Early on on the ride, we topped 1,000 miles on the trip!

New Bern to Plymouth, NC (73 miles planned, 74 miles actual)

Another blue bird day, but a bit cooler. We all loved it! More rural, flat, farmland with a couple of small towns and the Potach plant for seven miles to the ferry. I had fun taking pictures of yard/building self expression on the first half of the ride. The yard with the rebel flag and “redneck” painted on a banner, the yard with two USA rockets with the US flag between the “rockets” and the Sportsman Saloon, with shotgun and rod n’ reel.

We learned the evening before the ride that we would have a ferry ride at mile 35ish, and believed the ferry would leave at 11:15 am. So we enjoyed the ride, took it easy and cruised into the ferry area around 10:25 am, only  to learn the ferry wouldn’t leave until 11:45 am. So a long stop, but SAG Nancy was there with food and water and we hung out around the shaded picnic tables.

Once on the other side, we rode ten miles and into the town of Bath. Bath is the oldest incorporated city in North Carolina. Very picturesque! Old homes along Main Street, which ran along a river.

Then, on into Plymouth. We snacked at Bojangles, cleaned up, dinner and early to bed.

Plymouth to Elizabeth City (64 miles)

An even lovelier day than the one before! Temperatures started in the mid-50s and ended in the upper 60s. We faced direct headwinds most of the day, so we started at an easy pace.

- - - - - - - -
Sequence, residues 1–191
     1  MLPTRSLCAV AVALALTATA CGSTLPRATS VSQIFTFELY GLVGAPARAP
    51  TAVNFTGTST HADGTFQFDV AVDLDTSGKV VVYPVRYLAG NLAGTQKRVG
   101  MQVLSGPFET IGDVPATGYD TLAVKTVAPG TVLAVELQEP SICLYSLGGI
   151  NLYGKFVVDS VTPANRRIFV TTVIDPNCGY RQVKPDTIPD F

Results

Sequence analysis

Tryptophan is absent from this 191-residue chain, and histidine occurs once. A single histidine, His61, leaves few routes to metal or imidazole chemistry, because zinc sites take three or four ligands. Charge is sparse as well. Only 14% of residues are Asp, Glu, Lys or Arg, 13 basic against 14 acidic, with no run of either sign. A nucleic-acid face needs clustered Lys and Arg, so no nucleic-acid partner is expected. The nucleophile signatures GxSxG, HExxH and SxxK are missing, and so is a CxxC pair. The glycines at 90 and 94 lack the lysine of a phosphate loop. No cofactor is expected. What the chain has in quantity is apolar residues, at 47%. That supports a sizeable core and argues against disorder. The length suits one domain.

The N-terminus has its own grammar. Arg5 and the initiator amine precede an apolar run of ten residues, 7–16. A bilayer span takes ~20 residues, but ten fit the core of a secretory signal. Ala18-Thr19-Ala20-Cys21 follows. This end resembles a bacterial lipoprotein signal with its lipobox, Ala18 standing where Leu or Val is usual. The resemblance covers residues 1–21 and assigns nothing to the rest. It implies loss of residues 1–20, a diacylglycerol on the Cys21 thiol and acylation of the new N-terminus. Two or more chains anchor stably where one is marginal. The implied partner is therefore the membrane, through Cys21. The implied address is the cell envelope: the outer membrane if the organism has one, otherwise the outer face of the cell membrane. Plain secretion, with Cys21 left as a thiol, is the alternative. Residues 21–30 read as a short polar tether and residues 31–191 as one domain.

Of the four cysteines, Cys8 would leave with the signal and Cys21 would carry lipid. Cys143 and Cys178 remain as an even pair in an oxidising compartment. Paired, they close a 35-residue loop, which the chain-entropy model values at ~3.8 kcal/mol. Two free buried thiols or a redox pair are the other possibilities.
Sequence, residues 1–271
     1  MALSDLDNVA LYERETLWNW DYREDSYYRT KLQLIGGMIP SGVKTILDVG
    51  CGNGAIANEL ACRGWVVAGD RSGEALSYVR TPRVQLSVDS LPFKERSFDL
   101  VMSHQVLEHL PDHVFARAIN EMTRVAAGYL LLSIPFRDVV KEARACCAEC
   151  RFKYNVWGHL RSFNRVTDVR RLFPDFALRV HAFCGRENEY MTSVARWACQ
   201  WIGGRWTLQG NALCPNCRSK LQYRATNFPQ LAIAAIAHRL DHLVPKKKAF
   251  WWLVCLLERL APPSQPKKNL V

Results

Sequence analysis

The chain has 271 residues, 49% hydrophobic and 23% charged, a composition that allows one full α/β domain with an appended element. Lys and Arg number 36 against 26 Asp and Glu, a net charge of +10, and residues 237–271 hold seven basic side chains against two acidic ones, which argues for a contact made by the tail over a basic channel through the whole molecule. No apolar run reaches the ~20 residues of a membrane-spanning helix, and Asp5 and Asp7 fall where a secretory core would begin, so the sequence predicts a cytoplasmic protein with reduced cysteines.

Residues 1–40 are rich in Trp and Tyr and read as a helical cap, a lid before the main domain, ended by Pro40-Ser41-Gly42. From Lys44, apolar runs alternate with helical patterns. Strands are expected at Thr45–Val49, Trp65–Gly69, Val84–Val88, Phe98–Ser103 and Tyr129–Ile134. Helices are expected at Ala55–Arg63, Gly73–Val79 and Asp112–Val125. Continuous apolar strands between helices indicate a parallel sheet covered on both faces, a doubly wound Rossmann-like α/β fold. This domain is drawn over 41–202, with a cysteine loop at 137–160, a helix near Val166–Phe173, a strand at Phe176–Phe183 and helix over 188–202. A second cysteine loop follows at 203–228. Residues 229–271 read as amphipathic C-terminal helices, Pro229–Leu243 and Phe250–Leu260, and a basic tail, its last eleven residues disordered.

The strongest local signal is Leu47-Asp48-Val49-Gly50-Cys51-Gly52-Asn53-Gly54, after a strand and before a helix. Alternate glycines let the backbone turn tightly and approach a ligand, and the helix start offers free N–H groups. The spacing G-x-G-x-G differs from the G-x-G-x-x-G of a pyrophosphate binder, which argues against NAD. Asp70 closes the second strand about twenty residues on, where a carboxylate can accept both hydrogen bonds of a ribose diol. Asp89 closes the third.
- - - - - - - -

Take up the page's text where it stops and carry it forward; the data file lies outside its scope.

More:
At mile 20, we passed over the Albemarle Sound on a bridge that stretched three miles. Thankfully, we had a headwind and not a crosswind on this two lane bridge with a low wall!

As we rode past the sound on rural country roads, Ann from Peachtree City played her tunes aloud. Susan and I had a BLAST singing at the top of our lungs along with tunes! Motown, the Mammas and the Poppas, and more! I can’t remember having more fun on a ride!

We went through the adorable town of Hertford. A thriving downtown, beautiful old houses on the water and great river views on both sides of the road.

Elizabeth City to Suffolk VA (65 Miles)

Our last day in North Carolina! We have all heard that Virginia would be equally beautiful and welcoming.  But the days in North Carolina were so beautiful, it was hard to contemplate leaving the state behind.

My roommate and I were the last to leave our hotel. It felt INCREDIBLY hard to pedal – I thought I must be really tired. Soon enough, Susan, my roomie pedals up and lets me know that my “trunk” rack is riding on my back tire! No wonder it felt so hard! I guess the rack dropped when I replaced the seat the day before. Another Susan savior!

I soon caught up with the five Kathy’s as we stopped to take pics. More beautiful weather, lovely fields, bucolic scenery. I loved every bit of it!

More miles filled with farms, great weather, friends and fun! Perfect days! I couldn’t wish for more! I’ll always have great memories of our ride through North Carolina – you can be sure I’ll be back!